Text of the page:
I've been using an HV20 for months with great results.

I use fluorescent lights and the same camera position. I've changed nothing that I'm aware of.

Suddenly, the image on the LCD screen, and the recorded image, is way overexposed. People look like white vampires.
Are these modern fluorescent lights with a high frequency ballast, or much older fluorescent lights with a 60 Hz ballast? If the latter, that could be the problem, as there could be a strobing effect which could mess up light readings.
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Old January 31st, 2008, 07:19 PM   #4
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David - these are new fluorescents from imageWest.tv that should not flicker.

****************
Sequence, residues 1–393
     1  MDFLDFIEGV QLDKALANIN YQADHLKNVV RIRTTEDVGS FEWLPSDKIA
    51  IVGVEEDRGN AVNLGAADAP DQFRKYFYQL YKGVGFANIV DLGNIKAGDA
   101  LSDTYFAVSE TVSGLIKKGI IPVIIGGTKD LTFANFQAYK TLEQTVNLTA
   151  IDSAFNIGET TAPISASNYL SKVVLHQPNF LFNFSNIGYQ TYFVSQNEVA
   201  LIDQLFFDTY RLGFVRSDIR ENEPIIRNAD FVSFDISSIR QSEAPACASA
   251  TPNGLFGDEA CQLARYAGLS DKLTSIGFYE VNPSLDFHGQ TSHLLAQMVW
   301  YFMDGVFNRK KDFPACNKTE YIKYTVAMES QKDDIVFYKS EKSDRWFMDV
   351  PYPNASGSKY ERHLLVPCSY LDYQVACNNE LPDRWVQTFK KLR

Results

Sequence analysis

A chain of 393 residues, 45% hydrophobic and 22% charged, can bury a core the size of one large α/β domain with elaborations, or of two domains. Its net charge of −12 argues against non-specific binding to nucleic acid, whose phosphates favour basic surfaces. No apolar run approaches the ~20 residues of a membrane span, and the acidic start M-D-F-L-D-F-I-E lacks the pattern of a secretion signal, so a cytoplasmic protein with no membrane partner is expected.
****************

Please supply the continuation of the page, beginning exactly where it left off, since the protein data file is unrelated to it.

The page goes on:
Chris - after reviewing 'good' footage frame by frame, I can see where the problem occurs.

When I have one person in the frame (with an evenly lit green screen behind the camera with its own lights), the green screen looks 'fluorescent' and the person in front of the camera looks overexposed.

When a second person enters the frame, so that the frame is mostly two heads and upper torsos, the green screen behind the camera instantly looks 'normal' and both subjects look great.

The HV20 seems unable to figure out how to set the exposure unless there is more than one person in the frame.

And now, I've messed with the settings so much that I have no idea where I started from.

I bought a Gretag Macbeth colorChecker white balance card, and when I set the white balance using this card, everything looks way too warm, not correct at all.

So - I'm thoroughly confused as to how to proceed.

I guess I'll attempt to lock the exposure, and adjust it down until the subject is properly exposed.

Then - see if I can get the white balance back to where I had it (I forget if set to daylight [these are supposed to be daylight fluorescents] or to fluorescents.